Rockin’ Oysters

Oyster-shell collection bins, such as this one at Wrightsville Beach in New Hanover County, are used where shells are collected in amounts too large for can-collection sites to handle.

The DMF’s shell exchange program increases oyster production, aids habitat and, most importantly, boosts fishing.

It would be a good program with just one of its results, but the North Carolina Division of Marine Fisheries Oyster Shell Recycling Program is a triple winner.

It provides habitat and refuges for oysters and fish, plus the oysters filter and cleanse water for a healthier environment. Making the program work is simple, too — just gather shells after the oysters have been removed and eaten, let them cure a while to remove contamination, then return the shells to coastal waters.

Doing this task also is easy enough that children have become involved.

Additionally, the Oyster Shell Recycling Program is a winner for oyster consumers. Besides creating new and better places for oysters and fish to grow, it actually turns trash, and what is typically considered problem trash at that, into treasure.

In addition to the established refuge areas, cultch areas also grow oysters for harvesting. The proposed cultch sites are reviewed at public hearings at different areas of the coast before being approved and initiated. Cultch projects are set in waters that will be open to public harvest.

Cultch sites are oyster shells several feet thick on the bottom, prepared so they won’t sink or wash away in currents and constructed to best aid in oyster growth and harvest.

Not only do they provide suitable bottom for growing healthy and tasty oysters, cultch sites and refuge sites provide excellent habitats for a wide variety of finfish that can be caught by sportfishermen.

North Carolina General Statute 130A-309.10(f) states no person shall knowingly dispose of oyster shells in solid waste landfills. So what is a person or group who hosts an oyster roast to do with the shells? Simply take them to one of the many eastern N.C. recycling-bin locations and dispose of them while helping to create cleaner water and fisheries habitats.

Is it really that simple? Absolutely.

An added bonus is a tax credit of $1 per bushel for oyster shells taken to the collection centers. An even bigger bonus is the increased habitat and production of oysters and fish.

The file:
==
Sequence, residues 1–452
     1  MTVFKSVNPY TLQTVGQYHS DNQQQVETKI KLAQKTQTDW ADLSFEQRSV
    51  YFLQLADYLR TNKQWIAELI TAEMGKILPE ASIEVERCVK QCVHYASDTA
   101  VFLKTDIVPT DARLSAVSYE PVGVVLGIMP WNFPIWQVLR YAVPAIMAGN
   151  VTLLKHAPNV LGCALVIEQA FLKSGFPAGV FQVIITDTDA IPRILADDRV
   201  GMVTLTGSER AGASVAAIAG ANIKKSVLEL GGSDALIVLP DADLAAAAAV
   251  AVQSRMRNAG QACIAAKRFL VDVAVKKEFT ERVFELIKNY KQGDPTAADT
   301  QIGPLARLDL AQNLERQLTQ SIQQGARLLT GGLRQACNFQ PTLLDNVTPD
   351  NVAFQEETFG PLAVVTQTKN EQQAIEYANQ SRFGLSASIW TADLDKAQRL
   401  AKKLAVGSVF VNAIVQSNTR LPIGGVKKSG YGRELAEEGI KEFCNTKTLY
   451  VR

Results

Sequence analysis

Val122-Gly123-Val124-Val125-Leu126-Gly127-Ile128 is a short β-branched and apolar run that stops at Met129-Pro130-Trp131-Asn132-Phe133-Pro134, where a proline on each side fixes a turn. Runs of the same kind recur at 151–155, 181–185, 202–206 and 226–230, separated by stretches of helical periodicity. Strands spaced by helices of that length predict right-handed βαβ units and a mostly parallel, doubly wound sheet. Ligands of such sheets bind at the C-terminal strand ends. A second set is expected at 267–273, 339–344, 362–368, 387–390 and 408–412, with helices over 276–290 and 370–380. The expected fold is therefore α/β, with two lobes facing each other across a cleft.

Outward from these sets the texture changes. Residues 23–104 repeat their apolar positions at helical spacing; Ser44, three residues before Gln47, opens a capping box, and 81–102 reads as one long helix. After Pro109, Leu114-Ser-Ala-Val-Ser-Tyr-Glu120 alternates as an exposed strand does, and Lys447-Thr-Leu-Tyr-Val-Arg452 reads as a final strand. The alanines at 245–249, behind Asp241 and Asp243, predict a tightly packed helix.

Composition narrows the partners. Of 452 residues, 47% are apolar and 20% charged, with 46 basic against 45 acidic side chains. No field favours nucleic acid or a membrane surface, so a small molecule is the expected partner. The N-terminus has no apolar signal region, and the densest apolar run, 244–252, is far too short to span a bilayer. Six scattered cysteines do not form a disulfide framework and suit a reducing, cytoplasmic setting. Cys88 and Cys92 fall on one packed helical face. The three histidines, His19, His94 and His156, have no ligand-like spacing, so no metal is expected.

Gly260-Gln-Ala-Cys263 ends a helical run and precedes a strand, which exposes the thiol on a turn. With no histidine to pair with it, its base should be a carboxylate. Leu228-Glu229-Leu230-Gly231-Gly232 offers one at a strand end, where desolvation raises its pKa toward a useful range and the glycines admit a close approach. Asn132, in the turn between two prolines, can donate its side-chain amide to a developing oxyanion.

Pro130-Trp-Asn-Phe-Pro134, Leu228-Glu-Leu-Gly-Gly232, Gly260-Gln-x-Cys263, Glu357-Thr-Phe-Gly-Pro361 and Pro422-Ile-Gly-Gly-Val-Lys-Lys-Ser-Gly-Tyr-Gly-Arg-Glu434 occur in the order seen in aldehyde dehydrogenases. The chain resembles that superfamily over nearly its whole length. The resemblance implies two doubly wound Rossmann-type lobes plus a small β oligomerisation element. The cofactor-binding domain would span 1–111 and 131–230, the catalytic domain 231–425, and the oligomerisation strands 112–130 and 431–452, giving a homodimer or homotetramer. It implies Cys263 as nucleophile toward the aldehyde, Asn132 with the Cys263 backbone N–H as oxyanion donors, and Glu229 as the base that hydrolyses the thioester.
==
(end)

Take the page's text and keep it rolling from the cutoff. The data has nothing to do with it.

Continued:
The Oyster Shell Recycling program is a simple and inexpensive program that should yield big results. The first benefits should be to help N.C.’s oyster fishery.

The state’s oyster population has declined significantly during recent years, a reduction that could be as much as 90 percent from the early 1990s, according to DMF biologists. They cite habitat loss, pollution, diseases and harvest pressure as major concerns.

In 1902 the state’s documented oyster harvest was 1.8 million bushels, a record that still stands. That harvest dropped to 71,500 bushels by 2005. Currently oysters are listed as a “species of concern” by DMF.

Oysters are one of the most important species in N.C.’s estuaries and reflect the habitat’s general health and well-being. One mature oyster can filter as much as 50 gallons of water each day, so large healthy oyster populations translate into clean water, which is good for fish, marine animals, plants and humans.

A single oyster annually produces millions of eggs that are carried by currents and tides to adjacent areas. Oysters prefer to attach to hard surfaces, which is why so many cling to bulkheads and dock pilings.

Researchers have found oysters readily attach to other oyster shells and tend to grow well at those areas. By locating cultch bottoms and oyster sanctuary reefs at appropriate places, N.C.’s harvestable oyster population should increase substantially.